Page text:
In 1 John 1:1 we then read about what “our hands have handled, concerning the Word of life” (KJV). After His resurrection the Lord Jesus said to His disciples, “Behold My hands and My feet, that it is I Myself: handle Me, and see” (Lk. 24:39). The word “handle” means to feel or touch, and the meaning is the same in this passage as in our text.

In Luke 5 we see Jesus in a city where a man full of leprosy saw Him and said, “Lord, if You are willing, You can make me clean.” Jesus responded, putting out His hand and touching him while saying, “I am willing; be cleansed,” and immediately the leprosy left him (vv.12-13 NKJV). In Luke 8:43-48 we find a woman with a flow of blood for twelve years who came and touched the hem of Jesus’ garment. When Jesus said, “Who touched Me?”, the woman came forward, trembling, and declared that immediately upon touching Him she was healed. Jesus’ answer to her is remarkably beautiful: “Daughter, be of good cheer; your faith has made you well. Go in peace.”

We have traced a little of the life of the Lord Jesus and found that He was available to all that were in distress. He was able and willing to reach out to all with acts of kindness and words of comfort, showing forth the Father’s love. May all who read this find comfort and strength by looking off unto Jesus, the author and finisher of faith.

The World’s Nice Guys And God’s Good Guys

By Alan H. Crosby

A Nice Guy And Eternal Life
The rich young ruler (Mt. 19:16-22; Mk. 10:17-22; Lk. 18:18-24) was a nice guy, but he did not have eternal life. He came to Jesus asking, “What good deed must I do to have eternal life”? (Mt. 19:16 ESV). This man seemingly had kept all God’s commandments from his youth (Lk. 18:21) – he was indeed a nice guy! Feeling that he may be lacking something he asked, “What do I still lack?” (Mt. 19:20). He did not love his neighbor as himself, and he was not a follower of Jesus, the Son of God. His lacks were revealed when our Lord answered his question, saying, “If you would be perfect, go, sell what you possess and give to the poor … and come, follow Me, and he went away sorrowful” (vv.21-22).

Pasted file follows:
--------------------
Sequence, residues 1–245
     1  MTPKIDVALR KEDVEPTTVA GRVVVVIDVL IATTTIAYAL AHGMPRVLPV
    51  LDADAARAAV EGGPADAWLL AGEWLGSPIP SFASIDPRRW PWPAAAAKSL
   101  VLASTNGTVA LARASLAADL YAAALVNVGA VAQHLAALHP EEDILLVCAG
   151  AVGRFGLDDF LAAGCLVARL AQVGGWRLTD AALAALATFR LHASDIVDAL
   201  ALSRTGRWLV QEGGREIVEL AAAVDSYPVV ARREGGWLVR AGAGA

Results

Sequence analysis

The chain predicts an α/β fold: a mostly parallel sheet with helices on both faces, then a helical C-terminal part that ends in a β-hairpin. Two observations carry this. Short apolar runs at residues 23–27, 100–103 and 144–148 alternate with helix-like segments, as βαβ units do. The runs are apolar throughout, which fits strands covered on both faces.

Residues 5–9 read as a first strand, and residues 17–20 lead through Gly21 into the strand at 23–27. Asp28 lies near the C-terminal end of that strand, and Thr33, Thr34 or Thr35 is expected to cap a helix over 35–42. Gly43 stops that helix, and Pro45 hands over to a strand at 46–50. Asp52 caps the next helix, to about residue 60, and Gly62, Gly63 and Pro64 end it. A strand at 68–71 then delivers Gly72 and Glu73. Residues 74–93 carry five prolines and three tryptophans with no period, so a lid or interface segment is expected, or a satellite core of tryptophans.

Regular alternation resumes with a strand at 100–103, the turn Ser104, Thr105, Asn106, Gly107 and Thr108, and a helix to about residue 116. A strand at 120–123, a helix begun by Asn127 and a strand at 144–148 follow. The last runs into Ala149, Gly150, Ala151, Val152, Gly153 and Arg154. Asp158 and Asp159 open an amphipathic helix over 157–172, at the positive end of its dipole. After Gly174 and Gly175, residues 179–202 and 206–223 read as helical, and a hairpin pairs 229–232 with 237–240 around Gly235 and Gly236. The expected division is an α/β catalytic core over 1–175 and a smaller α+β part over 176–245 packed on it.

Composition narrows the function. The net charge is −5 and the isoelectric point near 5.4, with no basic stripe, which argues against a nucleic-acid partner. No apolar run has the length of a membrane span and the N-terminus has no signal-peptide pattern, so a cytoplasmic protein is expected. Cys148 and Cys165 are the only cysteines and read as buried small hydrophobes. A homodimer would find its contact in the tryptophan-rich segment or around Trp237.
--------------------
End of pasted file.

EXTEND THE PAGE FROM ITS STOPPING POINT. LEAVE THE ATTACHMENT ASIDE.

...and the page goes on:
This example shows us that keeping the law is not the way to obtain salvation, nor is it by being a nice guy. Eternal life is not the result of what we do, instead “it is the gift of God” (Eph. 2:8). Eternal life is given to whosoever believes in the Lord Jesus Christ (Jn. 3:16), and believing in Him means becoming His follower!

There are nice guys today who want nothing to do with God. They think they are so good that they have no need of a savior. There are also those who seem to be nice guys because they will seek to do whatever they think will be pleasing to others, but they will not hesitate to severely harm anyone who opposes them.

We Are To Be Good Guys